By Rae Sedgwick. Ph.D., J.D.
Clinical and Consulting Psychologist
Attorney at Law
Healthy families and individuals need to be in relationships. To be connected to a greater whole is essential for survival and sustainable growth physically, spiritually and mentally.
A young woman remarked to me recently that what she needed was to be “seen, heard and understood.” A small ask, really. You might wonder, “How in today’s world does one make that happen?” It requires that we live with intention, with purpose and direction. It means being in the presence of those with whom we want to be in a relationship.
As a clinician, I urge people to have lunch or dinner together. Most families are lucky to get one meal a week together. I suggest limiting the amount of time on social media and show how this is vital to developing relationships. I advise parents to turn off phones during meals or family discussions and limit social media exposure for children under 12.
A healthy family needs intentional behaviors. Other recommendations include asking partners and parents to spend 15 minutes a day “checking in“ with one another in the morning, at bedtime, or over lunch. Taking time to be together at least once a week during meals also adds to the relationship. I provide a list of strategies for “fair fighting,” a means of resolving controversy, which is a natural component of day-to-day life. Such strategies require setting aside 45 minutes a week to discuss areas of disagreement or misunderstanding. This time also includes putting away phones. Those who manage the 45-minute meeting each week find it surprisingly helpful.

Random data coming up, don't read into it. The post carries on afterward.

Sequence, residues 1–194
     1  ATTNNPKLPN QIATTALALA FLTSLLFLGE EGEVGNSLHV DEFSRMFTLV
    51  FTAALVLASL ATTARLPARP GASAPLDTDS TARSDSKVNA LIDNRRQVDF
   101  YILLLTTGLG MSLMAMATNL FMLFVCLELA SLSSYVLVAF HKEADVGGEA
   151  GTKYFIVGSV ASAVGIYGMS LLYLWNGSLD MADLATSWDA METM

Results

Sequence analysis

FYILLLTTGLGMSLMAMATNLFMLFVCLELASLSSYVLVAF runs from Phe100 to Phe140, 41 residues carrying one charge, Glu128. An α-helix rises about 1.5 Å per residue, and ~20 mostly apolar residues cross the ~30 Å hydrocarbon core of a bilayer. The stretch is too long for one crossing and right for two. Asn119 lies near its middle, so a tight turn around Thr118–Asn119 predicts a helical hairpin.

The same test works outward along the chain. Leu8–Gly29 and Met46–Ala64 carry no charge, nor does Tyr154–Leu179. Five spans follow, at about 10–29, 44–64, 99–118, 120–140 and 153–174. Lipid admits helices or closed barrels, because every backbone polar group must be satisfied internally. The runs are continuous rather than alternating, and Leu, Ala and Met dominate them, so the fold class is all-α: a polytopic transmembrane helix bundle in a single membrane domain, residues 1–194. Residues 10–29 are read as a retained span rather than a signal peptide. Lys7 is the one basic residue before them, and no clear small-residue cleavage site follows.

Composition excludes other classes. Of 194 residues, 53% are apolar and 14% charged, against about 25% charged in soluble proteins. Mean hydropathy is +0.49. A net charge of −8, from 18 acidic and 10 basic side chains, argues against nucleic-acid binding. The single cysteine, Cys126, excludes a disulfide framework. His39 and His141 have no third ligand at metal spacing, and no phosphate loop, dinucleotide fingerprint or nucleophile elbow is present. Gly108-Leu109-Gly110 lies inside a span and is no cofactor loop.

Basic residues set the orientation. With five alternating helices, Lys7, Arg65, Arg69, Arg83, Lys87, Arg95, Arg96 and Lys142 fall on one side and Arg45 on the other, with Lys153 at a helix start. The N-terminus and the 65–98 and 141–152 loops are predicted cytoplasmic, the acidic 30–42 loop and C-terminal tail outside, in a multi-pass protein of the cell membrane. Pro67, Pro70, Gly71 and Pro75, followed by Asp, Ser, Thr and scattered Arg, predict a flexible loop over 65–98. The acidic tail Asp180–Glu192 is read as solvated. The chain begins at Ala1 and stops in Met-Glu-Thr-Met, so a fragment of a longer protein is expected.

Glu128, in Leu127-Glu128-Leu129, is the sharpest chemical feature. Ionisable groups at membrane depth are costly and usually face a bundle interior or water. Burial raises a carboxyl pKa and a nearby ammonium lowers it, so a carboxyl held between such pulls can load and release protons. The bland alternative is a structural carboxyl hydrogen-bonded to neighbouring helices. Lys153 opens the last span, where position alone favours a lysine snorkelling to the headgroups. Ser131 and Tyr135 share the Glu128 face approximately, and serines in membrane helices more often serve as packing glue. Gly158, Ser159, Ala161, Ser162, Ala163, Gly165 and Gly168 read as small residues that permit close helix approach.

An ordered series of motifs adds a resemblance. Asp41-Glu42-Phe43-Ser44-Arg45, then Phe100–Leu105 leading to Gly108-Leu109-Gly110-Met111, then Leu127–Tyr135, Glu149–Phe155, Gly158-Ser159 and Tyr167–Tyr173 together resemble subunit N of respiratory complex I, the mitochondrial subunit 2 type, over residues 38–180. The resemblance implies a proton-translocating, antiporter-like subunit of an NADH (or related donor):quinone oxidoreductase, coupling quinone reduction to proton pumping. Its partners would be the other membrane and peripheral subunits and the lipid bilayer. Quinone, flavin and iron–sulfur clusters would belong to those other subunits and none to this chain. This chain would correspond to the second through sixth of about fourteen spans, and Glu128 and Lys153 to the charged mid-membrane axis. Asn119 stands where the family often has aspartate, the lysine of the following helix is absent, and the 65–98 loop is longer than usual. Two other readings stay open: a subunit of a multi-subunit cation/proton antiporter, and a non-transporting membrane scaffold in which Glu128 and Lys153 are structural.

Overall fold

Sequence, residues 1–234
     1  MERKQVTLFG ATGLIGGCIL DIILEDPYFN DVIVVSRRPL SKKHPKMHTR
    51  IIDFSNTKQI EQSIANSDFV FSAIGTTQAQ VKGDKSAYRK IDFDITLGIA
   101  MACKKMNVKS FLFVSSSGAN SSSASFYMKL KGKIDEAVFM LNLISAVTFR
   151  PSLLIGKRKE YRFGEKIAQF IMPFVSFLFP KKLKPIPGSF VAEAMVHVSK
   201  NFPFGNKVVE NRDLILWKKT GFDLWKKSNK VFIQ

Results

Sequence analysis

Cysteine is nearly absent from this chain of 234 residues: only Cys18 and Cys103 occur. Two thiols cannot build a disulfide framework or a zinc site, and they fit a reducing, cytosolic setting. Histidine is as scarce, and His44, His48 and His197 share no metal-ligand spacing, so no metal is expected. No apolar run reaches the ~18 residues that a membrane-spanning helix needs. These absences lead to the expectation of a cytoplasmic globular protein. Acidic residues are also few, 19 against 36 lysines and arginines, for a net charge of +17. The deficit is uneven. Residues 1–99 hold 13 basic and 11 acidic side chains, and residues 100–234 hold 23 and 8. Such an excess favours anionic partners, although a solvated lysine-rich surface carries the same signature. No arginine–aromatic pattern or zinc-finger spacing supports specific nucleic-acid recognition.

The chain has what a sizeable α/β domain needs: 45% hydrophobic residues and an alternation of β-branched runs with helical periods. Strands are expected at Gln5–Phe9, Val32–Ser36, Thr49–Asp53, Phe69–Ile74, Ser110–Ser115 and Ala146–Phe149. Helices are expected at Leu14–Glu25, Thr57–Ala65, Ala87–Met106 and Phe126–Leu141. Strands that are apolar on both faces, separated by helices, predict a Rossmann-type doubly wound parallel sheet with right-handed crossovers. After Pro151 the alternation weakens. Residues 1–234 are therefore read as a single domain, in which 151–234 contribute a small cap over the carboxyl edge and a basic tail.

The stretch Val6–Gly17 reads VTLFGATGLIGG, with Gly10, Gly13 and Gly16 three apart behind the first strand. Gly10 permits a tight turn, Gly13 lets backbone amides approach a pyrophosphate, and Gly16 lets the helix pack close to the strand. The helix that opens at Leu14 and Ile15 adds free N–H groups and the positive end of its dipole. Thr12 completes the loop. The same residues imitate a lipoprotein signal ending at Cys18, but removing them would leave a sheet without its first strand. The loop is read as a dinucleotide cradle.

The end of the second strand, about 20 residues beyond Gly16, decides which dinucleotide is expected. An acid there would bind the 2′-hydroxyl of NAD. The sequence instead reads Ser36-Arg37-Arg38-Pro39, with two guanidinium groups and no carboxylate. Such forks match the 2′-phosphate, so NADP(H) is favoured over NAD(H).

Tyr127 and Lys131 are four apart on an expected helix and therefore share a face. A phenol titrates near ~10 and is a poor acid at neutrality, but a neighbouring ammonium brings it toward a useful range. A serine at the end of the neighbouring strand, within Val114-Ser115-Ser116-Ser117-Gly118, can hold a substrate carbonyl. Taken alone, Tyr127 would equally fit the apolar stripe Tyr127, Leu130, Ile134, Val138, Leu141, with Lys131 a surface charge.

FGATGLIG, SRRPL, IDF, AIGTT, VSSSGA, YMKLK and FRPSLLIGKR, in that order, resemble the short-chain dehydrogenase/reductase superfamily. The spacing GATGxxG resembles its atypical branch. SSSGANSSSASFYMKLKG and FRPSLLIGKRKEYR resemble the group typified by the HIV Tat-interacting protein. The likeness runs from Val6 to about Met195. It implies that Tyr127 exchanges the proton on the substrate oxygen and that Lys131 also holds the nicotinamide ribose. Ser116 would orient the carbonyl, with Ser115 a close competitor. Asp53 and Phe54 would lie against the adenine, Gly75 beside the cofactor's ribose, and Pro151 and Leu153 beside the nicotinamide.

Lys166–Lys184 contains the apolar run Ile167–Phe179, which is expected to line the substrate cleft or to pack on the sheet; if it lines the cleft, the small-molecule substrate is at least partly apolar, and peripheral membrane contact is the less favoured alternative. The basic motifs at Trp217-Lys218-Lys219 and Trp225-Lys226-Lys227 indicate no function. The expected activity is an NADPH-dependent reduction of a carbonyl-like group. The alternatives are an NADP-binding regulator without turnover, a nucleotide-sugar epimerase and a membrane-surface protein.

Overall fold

Incorporate small, meaningful changes
A five-minute embrace; a shared meal; a prayer at bedtime to see, to hear, to seek to understand.
My mother used to say each day: “Lift someone up today; bring me home a story.” Let your story unfold with intent and purpose for those you love and for those whose faces you may never see and names you may never hear. As author Anne Lamott says: “I have value. As do you, my friend.” •
Dr. Rae Sedgwick is a published author, nurse, clinical psychologist and attorney in private practice. Sedgwick is a graduate of the Postdoctoral Training Program in Clinical Psychology of the Menninger Clinic.